More Ukraine Related Updates

Vladimir Putin has announced that “he sees no immediate need to invade eastern Ukraine.” I presume that this statement is meant to cause us to fall to our knees and thank whatever deities we might believe in for his forbearance, but readers will forgive me if I don’t see the phrasing in this announcement as heralding unqualified good news. It is reassuring to note that the markets are moving to punish Russia for its actions, and that there are at least some people in the (largely state-controlled) Russian media who are willing to condemn the Putin regime for its actions in Ukraine, but that doesn’t mean that this crisis is apt to come to an end anytime soon.

I know that I don’t agree with Stephen Diamond on many a political issue, but I think that he makes some very good points in discussing the crisis:

. . . One by one the left ignored the implications of Obama’s approach – in Tibet (snubbing the Dalai Lama, in Iran (snubbing the Green Revolution), in Venezuela (cozying up to Chavez), in Cuba (cozying up to Raul Castro), in Egypt (standing by the military), in Syria (erasing his own red line).

But now with the invasion of Ukraine by Putin the results of five years of Obama foreign policy are undeniably clear.

Obama has thought all along he could appease authoritarian regimes and lure them into a fantasy world of global trade and governance. The fact is that despite the end of the cold war more than 20 years ago authoritarian regimes persist and have shown incredible resiliency. China’s neo-stalinist model is working, for the party and its allies in the new entrepreneurial class. And in Iran, Syria and elsewhere, authoritarianism continues to draw widespread support. These authoritarians have no interest in neo-liberal fantasies about free trade and free markets. The volatility and instability of those markets, brought home to hundreds of millions when the western financial system collapsed in 2008, is fuel for the fires of the authoritarian alternative.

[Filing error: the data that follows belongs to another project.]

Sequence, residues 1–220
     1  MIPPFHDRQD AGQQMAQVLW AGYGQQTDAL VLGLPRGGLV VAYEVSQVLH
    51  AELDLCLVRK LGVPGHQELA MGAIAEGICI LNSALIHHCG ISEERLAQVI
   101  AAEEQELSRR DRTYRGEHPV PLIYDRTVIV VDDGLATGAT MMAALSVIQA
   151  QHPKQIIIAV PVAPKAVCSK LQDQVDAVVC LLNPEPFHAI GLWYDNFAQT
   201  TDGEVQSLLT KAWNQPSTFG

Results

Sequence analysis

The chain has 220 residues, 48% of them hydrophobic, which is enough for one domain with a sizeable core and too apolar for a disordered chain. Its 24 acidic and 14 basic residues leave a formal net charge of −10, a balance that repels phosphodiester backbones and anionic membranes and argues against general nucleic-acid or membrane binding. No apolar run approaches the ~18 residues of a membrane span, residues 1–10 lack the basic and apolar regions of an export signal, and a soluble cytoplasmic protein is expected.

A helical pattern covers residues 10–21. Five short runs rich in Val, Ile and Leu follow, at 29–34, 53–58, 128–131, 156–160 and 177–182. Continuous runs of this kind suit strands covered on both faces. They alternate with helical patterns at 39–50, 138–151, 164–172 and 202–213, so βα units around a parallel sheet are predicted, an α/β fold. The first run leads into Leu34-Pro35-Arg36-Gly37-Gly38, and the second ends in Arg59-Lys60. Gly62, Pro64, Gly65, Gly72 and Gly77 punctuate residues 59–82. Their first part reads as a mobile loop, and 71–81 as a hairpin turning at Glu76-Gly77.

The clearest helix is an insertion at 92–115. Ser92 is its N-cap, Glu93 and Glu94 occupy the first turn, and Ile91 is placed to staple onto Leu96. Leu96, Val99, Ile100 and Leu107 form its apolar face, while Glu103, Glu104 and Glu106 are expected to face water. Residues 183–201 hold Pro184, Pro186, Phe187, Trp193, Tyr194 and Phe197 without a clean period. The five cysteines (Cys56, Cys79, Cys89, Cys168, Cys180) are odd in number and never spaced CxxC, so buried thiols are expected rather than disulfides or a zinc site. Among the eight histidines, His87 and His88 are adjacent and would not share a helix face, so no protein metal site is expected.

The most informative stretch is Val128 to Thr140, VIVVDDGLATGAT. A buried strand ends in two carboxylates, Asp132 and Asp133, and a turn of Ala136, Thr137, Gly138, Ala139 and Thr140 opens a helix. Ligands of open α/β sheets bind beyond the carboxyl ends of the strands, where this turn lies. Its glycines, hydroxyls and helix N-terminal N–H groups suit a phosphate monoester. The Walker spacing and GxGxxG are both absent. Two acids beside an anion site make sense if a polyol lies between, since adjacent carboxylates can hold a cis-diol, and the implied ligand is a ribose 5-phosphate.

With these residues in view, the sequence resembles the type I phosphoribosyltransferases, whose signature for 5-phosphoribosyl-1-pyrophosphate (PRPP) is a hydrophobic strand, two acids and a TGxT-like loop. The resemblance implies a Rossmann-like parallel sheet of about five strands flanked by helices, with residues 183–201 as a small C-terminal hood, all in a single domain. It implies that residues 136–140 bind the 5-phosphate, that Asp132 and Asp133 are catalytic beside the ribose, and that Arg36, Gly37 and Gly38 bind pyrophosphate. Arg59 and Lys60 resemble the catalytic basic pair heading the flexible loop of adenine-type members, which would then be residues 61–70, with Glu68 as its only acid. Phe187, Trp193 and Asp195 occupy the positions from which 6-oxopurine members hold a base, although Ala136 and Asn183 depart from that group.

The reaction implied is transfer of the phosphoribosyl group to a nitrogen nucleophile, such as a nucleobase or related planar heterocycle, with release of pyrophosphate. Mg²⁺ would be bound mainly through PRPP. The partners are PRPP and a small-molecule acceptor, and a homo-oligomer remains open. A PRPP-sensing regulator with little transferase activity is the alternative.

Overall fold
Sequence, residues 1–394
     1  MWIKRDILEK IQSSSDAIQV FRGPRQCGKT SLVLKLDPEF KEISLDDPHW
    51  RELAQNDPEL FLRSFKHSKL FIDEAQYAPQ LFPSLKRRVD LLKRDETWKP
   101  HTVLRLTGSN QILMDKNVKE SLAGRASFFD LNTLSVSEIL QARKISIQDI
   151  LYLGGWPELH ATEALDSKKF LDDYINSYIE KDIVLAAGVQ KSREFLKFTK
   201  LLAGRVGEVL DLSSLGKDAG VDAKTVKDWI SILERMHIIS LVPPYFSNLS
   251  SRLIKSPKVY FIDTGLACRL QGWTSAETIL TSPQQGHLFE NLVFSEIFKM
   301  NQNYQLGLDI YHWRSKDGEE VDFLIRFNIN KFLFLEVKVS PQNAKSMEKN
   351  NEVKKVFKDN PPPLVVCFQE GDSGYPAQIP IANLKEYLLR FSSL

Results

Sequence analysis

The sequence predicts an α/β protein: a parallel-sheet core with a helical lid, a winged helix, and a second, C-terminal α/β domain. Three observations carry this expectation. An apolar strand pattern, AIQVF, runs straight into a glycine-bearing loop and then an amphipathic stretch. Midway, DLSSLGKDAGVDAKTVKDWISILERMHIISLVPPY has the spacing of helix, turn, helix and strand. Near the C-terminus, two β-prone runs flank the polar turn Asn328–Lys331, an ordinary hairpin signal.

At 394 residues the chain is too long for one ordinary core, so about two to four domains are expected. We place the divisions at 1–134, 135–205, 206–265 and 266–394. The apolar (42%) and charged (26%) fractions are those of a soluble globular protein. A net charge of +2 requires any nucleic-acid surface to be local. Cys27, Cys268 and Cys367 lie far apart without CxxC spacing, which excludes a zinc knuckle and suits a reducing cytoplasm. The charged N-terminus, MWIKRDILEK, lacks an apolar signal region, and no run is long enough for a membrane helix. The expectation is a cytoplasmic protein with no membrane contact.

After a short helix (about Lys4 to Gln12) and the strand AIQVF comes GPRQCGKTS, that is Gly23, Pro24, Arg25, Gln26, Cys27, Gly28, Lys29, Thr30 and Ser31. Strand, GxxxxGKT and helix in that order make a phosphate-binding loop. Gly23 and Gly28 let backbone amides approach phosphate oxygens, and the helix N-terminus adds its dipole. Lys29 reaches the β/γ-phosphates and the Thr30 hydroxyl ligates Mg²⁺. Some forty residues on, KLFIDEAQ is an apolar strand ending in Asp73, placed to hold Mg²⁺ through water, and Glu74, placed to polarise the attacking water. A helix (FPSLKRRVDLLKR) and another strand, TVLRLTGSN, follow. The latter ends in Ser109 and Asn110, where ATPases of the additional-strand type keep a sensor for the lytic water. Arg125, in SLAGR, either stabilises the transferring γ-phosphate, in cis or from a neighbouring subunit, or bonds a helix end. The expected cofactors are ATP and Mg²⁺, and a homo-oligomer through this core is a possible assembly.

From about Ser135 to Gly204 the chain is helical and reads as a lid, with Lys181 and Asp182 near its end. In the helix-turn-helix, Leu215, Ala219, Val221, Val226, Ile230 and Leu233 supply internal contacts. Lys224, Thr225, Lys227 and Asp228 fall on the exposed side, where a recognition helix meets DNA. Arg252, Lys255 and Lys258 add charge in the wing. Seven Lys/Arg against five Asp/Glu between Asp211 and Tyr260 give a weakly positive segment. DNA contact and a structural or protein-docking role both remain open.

To this alternative Obama has no answer. He rode the wave of naive liberal left distaste for global war and politics to office and now that political capital has exhausted itself.

. . . The country is led by someone who does not understand what is going on in the world and cannot craft a coherent response to it. He is wedded to a relativist outlook born in the pro-third world neo-stalinist rhetoric of the late 1960s that helped shape his early world view. He will not be able to shed that history or outlook and it is extremely difficult for the institutional apparatus of US power to act coherently when the White House is led by a team that is so intellectually and politically stunted.

I certainly don’t think that “free trade and free markets” are merely “neo-liberal fantasies”; they are better than any other alternative out there. But to the extent that this president actually has a worldview, that worldview has caused him to look at the world not as it is, but as he wishes that it could be. So much for the never-credible belief that Barack Obama is a foreign policy realist, or a serious practitioner of realpolitik.

A blast from the past, courtesy of Henry Kissinger, is appropriate here:

Those ages which in retrospect seem most peaceful were least in search of peace…. Whenever peace — conceived as the avoidance of war — has been the primary objective of a power or a group of powers, the international system has been at the mercy of the most ruthless member of the international community.

Relatedly, now that the 2012 presidential election is over, and now that some people no longer have to worry much that being intellectually honest would give aid and comfort to the political opponents of those people, maybe it is high time for Mitt Romney’s critics to admit that he was right.

Comments